Yale Researchers Identify Six Target U.S. Audiences for Climate Change Messaging

Americans’ thinking around climate change has shifted toward more urgency.

By Brittany Artwohl
Feb. 15, 2022 08:47 UTC

The global impact of cli­mate change mit­i­ga­tion efforts falls short if they are not effec­tively com­mu­ni­cated to the pub­lic.

There are in fact six dif­fer­ent Americas within America, and each responds in com­pletely dif­fer­ent ways, for very dif­fer­ent rea­sons.- Anthony Leiserowitz, direc­tor of the Yale Project on Climate Change

As part of their bian­nual cli­mate change per­cep­tion reports, researchers from Yale University have iden­ti­fied six tar­get audi­ences in the United States with unique responses to cli­mate change.

They have been iden­ti­fied as Global Warming’s Six Americas, as they rep­re­sent the cat­e­gories of cit­i­zens’ con­cerns on ris­ing green­house emis­sions and warm­ing ambi­ent tem­per­a­tures.

See Also:Why the U.S. Lags Behind Other Western Nations on Carbon Tax Issue

The Six Americas cat­e­gories run from alarmed, or Americans who are very wor­ried about global warm­ing and are tak­ing action,” to dis­mis­sive. These Americans think global warm­ing is non-exis­tent, not a threat, or an out­right hoax.” In between are con­cerned, cau­tious, dis­en­gaged and doubt­ful.

Looking back over data gath­ered from the study, researchers found that most peo­ple are now alarmed” com­pared to con­cerned” as they were just a few years ago.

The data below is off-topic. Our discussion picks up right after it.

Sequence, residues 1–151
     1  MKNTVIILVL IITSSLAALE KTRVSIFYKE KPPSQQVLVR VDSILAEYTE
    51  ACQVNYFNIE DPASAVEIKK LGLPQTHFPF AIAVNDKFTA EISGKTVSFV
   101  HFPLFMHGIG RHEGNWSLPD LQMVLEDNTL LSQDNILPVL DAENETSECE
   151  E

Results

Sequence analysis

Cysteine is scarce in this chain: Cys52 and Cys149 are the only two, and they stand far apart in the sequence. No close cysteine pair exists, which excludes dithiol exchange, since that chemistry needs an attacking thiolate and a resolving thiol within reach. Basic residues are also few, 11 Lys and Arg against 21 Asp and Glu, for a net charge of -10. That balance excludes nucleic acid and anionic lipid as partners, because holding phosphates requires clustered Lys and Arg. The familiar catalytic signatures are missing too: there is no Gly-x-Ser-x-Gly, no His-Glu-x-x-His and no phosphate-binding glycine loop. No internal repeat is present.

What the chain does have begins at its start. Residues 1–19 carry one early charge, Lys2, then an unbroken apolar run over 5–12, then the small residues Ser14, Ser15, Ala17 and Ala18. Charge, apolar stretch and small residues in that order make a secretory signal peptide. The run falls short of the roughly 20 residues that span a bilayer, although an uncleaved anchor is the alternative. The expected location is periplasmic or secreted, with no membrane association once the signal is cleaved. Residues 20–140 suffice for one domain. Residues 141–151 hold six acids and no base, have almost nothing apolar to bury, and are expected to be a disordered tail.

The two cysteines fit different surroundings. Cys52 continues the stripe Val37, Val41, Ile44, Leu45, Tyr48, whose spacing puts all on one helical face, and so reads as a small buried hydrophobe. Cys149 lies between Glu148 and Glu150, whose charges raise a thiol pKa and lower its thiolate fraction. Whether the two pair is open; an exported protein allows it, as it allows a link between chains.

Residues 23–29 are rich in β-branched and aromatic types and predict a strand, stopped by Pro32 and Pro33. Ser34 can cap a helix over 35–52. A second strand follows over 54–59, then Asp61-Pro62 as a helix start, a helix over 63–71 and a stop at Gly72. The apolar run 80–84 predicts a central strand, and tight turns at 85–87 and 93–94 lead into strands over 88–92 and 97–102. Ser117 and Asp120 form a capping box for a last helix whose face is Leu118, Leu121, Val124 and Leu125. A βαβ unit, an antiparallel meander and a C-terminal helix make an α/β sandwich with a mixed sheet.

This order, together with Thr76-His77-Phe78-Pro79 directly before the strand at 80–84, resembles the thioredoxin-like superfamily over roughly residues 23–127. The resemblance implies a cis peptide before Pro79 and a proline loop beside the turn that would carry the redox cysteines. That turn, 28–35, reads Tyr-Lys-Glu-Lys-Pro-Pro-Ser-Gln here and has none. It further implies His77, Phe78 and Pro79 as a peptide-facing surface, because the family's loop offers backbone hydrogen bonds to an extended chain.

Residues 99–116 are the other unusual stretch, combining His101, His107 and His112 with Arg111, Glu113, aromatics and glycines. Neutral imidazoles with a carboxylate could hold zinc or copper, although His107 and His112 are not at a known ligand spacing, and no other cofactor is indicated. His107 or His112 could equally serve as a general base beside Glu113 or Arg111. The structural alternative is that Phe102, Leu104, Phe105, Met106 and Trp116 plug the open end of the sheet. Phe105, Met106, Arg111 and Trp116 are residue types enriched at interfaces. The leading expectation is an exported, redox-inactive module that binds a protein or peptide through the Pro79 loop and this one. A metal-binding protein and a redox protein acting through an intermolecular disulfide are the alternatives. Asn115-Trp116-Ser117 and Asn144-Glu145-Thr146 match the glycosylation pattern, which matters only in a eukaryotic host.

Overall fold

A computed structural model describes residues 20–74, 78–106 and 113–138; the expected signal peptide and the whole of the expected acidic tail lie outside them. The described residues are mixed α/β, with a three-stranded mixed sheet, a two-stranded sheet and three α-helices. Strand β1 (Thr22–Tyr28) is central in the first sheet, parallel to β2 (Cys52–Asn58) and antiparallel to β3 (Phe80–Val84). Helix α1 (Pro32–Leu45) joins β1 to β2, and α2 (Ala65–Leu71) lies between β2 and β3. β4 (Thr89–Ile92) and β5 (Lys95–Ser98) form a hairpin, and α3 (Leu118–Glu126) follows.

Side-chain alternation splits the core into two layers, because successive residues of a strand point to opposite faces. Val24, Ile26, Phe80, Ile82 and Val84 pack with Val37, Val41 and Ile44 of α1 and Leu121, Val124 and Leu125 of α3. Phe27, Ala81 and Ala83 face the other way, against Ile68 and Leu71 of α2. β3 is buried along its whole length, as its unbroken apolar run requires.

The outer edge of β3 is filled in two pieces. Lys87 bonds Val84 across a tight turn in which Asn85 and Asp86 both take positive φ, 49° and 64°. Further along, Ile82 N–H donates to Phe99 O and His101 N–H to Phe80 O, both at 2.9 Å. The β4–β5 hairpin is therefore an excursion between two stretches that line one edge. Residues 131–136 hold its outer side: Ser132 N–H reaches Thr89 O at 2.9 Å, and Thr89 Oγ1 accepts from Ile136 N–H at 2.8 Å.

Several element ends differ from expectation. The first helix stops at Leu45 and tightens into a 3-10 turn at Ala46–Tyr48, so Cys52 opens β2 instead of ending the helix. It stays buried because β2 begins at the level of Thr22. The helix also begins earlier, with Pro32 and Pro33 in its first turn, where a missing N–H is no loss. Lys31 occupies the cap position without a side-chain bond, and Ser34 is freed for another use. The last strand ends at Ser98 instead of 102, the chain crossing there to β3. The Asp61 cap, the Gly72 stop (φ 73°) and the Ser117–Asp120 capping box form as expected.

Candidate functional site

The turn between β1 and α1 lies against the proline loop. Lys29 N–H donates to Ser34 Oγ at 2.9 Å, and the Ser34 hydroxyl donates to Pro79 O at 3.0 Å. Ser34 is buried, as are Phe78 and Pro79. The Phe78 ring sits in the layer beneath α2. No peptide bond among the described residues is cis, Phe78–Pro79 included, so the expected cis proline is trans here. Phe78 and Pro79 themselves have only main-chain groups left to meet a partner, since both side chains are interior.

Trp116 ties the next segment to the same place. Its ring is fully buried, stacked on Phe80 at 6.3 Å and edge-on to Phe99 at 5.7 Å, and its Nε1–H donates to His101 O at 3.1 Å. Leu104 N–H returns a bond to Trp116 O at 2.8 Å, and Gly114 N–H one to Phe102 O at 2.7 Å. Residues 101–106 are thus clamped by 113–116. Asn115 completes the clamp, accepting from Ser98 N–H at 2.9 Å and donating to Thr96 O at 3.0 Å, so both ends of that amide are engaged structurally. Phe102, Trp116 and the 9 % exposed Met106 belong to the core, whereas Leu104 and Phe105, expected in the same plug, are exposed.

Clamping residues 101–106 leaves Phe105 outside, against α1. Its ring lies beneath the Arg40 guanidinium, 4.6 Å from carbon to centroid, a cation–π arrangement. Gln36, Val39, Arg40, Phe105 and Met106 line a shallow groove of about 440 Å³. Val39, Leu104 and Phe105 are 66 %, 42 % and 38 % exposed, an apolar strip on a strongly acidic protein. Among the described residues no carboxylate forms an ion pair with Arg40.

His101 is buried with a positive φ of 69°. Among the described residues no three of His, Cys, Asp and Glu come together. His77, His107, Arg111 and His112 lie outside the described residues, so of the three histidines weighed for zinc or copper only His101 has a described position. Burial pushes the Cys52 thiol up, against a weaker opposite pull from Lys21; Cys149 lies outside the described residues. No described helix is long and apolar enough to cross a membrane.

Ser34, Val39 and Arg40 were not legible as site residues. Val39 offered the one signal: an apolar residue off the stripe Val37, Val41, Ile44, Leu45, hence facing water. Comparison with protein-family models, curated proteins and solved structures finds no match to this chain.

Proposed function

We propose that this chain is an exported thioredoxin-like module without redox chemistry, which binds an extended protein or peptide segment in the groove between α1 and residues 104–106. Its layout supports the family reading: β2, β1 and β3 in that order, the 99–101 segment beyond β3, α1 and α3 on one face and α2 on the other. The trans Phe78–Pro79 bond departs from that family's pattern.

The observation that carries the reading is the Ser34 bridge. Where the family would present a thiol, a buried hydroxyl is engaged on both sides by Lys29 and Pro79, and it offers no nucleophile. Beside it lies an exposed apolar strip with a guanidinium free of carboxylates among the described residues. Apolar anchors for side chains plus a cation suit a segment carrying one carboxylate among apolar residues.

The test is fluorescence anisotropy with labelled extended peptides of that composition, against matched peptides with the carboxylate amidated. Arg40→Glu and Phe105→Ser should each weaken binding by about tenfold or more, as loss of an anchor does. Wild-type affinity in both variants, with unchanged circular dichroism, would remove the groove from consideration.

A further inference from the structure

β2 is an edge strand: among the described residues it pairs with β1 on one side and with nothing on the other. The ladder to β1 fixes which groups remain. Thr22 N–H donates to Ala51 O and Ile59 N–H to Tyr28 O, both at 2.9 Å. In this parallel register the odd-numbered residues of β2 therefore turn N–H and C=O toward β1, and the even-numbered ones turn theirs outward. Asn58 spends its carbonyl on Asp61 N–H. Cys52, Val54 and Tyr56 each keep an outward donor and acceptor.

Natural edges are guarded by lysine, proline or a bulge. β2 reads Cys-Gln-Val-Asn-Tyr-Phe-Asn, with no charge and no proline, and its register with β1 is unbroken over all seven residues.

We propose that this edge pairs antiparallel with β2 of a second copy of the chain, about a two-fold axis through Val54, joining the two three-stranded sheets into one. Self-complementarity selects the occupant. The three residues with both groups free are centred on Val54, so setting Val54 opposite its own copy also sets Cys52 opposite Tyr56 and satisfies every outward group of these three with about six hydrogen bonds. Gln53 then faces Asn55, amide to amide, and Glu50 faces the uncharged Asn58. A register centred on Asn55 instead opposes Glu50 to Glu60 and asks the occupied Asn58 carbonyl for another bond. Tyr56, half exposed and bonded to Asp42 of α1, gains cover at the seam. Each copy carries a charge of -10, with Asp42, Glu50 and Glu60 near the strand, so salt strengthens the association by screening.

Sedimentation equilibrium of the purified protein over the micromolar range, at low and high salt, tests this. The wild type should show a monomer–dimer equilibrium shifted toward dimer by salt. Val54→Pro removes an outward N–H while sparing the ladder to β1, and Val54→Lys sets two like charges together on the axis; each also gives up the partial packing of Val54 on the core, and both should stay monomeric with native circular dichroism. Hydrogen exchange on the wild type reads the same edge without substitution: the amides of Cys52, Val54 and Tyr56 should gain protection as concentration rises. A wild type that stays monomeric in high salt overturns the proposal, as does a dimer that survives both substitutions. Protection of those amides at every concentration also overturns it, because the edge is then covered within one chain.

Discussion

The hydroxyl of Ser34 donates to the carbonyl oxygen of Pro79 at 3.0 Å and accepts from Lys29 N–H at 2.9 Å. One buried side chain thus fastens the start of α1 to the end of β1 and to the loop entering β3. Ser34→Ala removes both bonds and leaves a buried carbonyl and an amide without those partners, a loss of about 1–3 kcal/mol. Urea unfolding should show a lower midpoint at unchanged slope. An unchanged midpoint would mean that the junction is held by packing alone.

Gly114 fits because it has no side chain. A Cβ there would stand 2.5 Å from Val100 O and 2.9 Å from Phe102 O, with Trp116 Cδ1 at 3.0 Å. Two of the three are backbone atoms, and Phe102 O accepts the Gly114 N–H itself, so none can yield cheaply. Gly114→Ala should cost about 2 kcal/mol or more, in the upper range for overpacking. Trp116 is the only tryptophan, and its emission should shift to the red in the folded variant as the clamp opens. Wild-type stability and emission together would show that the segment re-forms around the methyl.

From 2013 to 2015, the largest group of the Six Americas reflects a col­lec­tive under­stand­ing that the impact of cli­mate change is real. The num­ber of peo­ple who iden­tify as cau­tious, doubt­ful or dis­mis­sive is shrink­ing.

Anthony Leiserowitz, direc­tor of the Yale Project on Climate Change and author of Global Warming’s Six Americas, said that Americans do not speak in a sin­gle voice. There are in fact six dif­fer­ent Americas within America, and each responds in com­pletely dif­fer­ent ways, for very dif­fer­ent rea­sons.”

The data from the project serves as a foun­da­tion for the Six Americas frame­work to address indi­vid­ual states in the U.S., local gov­ern­ments and the fed­eral gov­ern­ment.

Along with sup­ply­ing aca­d­e­mic insti­tu­tions, envi­ron­men­tal orga­ni­za­tions, busi­nesses, faith groups, doc­tors and sci­en­tists, researchers argue that this infor­ma­tion is vital to the media to reach the tar­get audi­ences and address Americans in each cat­e­gory of the cli­mate change issue.

Patricia Espinosa, the exec­u­tive sec­re­tary of the United Nations Framework Convention on Climate Change (UNFCCC), said she is hope­ful but urges a sense of unity to address the cli­mate emer­gency.

We are nowhere near the Paris Agreement goal of 1.5 ºC by the end of the cen­tury,” she said.

Encouraging Americans to set an exam­ple other coun­tries can fol­low, she con­cluded: Deep trans­for­ma­tions require deci­sions that need to be taken now because trans­for­ma­tions them­selves take some time.”

Share this article


Related Articles